Thanks Clock.

I find it interesting that all of the "other" SNES titles on N3DS are $10.40, but Earthbound is sitting at $13.00

Is there a similar discrepancy in the US store, or are we "just lucky" down here?

I also get the feeling that when I start playing this, I'm going to want to pick up my Citizens of Earth partial play through again.

Yes, $10 on the US store, so $2 premium. And repeating what's been said but anyone buying it should absolutely first check their My Nintendo page and see if they have 30 Gold points spare. That will get you 30% off either the WiiU or 3DS versions.

Might fire this up for the first time tonight. Playing on 3ds.

Mr GT Chris wrote:

Yes, $10 on the US store, so $2 premium. And repeating what's been said but anyone buying it should absolutely first check their My Nintendo page and see if they have 30 Gold points spare. That will get you 30% off either the WiiU or 3DS versions.

Not in the EU/AU store

US store is always the way to go where possible :(.

I'll play too! First RPG quarterly, so let's hope I can manage.... playing on wii u

Bought this weekend thanks to the discount mentioned. I'll be on 3DS.

Also bought Super Metroid again because it's pretty much my favorite thing ever. So I have to finish one run of it first then I'll start.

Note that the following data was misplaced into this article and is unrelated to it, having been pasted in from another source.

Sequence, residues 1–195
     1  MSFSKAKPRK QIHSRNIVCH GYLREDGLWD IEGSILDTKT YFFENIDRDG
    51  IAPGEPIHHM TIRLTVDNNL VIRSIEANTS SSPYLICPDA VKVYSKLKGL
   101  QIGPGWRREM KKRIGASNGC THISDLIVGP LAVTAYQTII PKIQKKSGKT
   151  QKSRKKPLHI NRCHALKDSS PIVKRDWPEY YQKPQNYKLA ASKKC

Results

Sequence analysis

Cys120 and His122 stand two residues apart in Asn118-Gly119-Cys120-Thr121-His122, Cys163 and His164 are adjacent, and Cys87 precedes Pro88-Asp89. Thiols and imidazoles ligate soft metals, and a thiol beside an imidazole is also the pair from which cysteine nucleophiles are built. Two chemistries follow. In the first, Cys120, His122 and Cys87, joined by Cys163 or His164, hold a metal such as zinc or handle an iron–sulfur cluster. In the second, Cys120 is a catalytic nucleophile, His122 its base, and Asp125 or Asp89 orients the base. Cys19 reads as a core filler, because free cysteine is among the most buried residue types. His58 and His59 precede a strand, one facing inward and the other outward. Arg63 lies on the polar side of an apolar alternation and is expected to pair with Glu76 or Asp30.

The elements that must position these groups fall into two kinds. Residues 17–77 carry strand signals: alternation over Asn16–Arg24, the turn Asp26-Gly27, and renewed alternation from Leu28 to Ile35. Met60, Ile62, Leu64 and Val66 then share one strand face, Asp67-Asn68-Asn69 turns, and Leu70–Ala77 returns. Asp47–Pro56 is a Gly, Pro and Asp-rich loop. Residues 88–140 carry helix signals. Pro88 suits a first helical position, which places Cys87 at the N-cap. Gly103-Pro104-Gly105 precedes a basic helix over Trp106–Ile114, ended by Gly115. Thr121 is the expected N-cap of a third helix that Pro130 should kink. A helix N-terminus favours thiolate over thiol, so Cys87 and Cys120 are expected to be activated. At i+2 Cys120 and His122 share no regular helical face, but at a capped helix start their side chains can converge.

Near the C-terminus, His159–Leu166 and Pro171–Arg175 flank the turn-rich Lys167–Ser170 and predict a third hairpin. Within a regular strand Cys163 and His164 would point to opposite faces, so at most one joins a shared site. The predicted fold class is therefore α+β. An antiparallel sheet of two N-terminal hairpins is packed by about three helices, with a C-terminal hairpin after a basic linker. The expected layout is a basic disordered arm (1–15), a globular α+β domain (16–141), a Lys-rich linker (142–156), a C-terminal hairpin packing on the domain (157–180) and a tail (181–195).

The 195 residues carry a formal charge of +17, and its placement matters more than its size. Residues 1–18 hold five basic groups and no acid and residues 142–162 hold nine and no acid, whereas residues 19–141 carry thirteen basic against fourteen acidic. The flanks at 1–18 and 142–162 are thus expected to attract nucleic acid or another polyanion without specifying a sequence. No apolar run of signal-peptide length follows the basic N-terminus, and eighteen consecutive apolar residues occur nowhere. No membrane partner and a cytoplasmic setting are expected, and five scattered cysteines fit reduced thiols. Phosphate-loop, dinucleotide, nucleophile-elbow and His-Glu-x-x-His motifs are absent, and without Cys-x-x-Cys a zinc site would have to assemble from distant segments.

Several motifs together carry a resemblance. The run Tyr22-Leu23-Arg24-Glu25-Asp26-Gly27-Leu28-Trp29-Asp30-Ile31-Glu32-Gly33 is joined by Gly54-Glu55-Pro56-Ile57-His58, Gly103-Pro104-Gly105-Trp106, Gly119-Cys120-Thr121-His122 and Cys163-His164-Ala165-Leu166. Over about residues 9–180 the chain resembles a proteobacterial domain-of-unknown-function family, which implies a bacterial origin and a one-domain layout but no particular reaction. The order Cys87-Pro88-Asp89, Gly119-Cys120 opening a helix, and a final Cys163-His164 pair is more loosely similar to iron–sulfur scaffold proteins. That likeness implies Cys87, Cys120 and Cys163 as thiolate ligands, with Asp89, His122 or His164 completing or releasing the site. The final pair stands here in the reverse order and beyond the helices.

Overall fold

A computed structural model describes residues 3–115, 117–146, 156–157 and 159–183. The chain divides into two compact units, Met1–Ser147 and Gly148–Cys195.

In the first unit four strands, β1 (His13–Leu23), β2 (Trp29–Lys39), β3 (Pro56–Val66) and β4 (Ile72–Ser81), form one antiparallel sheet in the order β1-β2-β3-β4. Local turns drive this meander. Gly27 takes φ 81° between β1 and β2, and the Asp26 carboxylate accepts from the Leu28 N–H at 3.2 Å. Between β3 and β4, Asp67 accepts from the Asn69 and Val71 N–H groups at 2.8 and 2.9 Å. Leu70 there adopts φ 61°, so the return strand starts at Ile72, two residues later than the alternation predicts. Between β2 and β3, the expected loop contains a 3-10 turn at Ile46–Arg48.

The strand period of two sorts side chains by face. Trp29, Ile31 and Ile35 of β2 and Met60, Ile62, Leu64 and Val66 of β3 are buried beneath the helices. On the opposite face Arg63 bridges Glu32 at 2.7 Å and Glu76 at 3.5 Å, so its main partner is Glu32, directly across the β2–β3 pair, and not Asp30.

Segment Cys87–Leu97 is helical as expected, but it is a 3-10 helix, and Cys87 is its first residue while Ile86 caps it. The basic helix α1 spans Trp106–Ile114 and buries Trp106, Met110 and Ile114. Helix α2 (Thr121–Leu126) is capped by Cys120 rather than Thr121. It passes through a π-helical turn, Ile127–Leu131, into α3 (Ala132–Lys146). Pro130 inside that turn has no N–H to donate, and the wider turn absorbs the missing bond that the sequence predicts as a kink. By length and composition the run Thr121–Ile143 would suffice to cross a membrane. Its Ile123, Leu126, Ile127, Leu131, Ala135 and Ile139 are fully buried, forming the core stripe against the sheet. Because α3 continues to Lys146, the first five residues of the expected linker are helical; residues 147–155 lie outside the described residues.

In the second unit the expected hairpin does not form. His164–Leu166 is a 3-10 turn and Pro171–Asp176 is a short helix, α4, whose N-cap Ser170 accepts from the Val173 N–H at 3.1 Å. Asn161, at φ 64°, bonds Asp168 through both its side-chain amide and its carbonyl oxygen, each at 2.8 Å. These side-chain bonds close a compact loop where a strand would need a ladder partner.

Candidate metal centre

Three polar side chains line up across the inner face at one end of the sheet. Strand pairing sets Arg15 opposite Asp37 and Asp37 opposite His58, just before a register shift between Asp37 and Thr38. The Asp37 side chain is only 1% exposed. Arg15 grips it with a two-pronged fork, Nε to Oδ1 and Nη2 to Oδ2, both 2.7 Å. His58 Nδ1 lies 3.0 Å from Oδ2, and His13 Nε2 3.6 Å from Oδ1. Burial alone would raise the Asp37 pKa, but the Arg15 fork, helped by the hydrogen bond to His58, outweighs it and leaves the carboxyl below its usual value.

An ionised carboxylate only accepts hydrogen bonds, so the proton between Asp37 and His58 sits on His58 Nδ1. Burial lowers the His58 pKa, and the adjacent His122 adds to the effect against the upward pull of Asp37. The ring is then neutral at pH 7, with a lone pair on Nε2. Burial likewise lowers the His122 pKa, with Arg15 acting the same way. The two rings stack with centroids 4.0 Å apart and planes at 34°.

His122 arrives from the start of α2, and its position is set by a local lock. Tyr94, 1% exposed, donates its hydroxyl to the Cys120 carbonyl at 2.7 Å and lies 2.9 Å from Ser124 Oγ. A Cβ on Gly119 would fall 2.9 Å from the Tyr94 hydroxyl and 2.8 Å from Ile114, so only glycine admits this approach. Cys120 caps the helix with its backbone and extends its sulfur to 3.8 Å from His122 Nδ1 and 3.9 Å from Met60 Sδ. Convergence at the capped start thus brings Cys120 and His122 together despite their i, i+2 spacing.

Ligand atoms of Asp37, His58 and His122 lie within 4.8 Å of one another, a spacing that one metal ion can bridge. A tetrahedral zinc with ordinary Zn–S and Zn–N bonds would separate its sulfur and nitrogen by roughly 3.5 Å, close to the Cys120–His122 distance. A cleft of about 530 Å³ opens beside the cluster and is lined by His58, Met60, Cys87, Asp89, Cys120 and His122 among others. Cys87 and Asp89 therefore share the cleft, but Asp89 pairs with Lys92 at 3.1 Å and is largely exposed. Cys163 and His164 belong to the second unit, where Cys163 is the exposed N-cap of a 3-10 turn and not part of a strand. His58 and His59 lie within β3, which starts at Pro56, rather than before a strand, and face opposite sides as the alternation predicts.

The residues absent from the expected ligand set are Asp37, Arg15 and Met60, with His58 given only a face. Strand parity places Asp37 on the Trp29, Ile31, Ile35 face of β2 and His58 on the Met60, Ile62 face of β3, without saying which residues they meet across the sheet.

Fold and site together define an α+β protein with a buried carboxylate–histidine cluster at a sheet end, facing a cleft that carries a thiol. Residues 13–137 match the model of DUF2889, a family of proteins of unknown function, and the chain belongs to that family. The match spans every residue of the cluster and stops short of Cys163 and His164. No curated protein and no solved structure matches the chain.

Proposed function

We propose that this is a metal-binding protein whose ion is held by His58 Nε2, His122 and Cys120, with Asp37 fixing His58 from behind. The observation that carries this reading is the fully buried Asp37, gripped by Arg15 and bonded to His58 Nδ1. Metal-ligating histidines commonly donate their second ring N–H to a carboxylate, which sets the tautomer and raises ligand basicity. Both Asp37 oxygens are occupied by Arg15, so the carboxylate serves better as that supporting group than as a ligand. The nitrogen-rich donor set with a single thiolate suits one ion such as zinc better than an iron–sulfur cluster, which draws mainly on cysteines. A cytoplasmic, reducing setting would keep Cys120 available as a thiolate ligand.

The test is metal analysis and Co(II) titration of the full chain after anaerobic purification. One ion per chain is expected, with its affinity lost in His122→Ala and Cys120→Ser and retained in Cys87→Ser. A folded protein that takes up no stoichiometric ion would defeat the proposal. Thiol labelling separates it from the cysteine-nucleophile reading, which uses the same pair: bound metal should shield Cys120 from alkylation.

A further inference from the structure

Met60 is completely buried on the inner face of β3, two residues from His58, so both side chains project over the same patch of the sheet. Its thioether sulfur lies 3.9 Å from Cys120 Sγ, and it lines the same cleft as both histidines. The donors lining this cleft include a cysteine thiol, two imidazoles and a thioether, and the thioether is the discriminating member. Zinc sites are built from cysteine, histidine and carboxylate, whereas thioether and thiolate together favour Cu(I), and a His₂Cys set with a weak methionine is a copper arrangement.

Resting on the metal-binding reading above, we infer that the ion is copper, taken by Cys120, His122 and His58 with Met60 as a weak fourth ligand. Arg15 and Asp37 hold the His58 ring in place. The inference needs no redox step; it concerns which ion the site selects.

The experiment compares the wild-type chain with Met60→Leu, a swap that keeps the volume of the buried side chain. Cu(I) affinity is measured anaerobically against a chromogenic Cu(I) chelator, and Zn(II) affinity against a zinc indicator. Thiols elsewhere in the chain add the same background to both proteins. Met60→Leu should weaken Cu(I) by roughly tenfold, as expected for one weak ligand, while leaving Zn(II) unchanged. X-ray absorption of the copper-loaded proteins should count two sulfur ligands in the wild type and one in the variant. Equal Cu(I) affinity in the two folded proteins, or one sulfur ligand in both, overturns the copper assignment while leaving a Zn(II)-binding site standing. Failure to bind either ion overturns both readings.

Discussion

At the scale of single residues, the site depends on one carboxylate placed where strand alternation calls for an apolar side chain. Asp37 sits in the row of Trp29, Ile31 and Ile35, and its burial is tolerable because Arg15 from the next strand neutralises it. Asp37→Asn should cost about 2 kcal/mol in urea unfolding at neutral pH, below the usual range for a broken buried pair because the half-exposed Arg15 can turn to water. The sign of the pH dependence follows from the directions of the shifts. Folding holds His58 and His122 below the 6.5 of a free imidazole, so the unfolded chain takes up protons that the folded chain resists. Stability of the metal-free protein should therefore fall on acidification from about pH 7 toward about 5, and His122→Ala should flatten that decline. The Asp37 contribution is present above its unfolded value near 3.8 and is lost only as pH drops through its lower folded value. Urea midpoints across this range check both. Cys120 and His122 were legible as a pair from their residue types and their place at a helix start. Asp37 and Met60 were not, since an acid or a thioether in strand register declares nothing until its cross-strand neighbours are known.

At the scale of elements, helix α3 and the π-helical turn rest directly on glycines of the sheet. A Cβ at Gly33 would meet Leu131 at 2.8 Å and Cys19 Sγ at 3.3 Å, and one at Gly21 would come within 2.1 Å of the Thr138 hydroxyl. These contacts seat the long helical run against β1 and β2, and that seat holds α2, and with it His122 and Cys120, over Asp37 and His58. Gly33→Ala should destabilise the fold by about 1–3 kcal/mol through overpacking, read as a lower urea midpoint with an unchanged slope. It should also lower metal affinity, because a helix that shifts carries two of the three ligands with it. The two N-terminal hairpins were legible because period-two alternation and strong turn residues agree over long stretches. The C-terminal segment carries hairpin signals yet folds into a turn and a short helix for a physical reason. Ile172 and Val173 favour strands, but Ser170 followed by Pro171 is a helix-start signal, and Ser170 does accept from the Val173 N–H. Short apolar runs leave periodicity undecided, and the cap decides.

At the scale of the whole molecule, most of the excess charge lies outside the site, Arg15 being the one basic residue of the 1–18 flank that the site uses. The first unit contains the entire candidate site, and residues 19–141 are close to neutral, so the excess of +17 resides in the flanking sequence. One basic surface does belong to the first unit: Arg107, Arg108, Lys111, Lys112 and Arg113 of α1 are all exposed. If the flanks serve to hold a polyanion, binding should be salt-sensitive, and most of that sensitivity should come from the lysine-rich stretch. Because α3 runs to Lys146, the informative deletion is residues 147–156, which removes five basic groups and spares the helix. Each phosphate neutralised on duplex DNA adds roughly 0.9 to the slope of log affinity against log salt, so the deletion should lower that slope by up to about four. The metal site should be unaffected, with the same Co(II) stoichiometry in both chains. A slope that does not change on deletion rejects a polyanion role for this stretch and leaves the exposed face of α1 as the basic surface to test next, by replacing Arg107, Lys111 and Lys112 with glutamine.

Pixel perfect mode is glorious. Looking forward to that for earthbound too

JohnKillo wrote:

If my snes will start I will try to join in.

Note that you can run the game on a PC with emulation software. The best at the moment is definitely 'higan', which is amazingly accurate. You need a really fast PC to turn on all the options, but it's super low-latency, and just about as good as an emulator could reasonably be.

He had to go to a slightly unusual format for ROMs, though; he collects a ROM, other settings, and the battery-backed RAM files into a unique directory per game. He provides a utility to copy ROMs into the Higan library in the correct structure, so you don't have to actually know much about it, just that you have to import a standard ROM before loading it.

I'm playing this now. What a odd game.

Stele wrote:

Pixel perfect mode is glorious. Looking forward to that for earthbound too

Earthbound pixel perfect = really nice, so crisp.

About an hour in. Playing on the sofa, mono setting and one ear plugged in (so not totally blanking tother half while she's binging on West Wing). Stand out at the moment is the sound... Getting a fairly strong Twin Peaks vibe from the music and some of the sounds effects quite ominous.

Malor wrote:
JohnKillo wrote:

If my snes will start I will try to join in.

Note that you can run the game on a PC with emulation software.

The game's been emulatable for quite a while actually. Not sure how accurate though.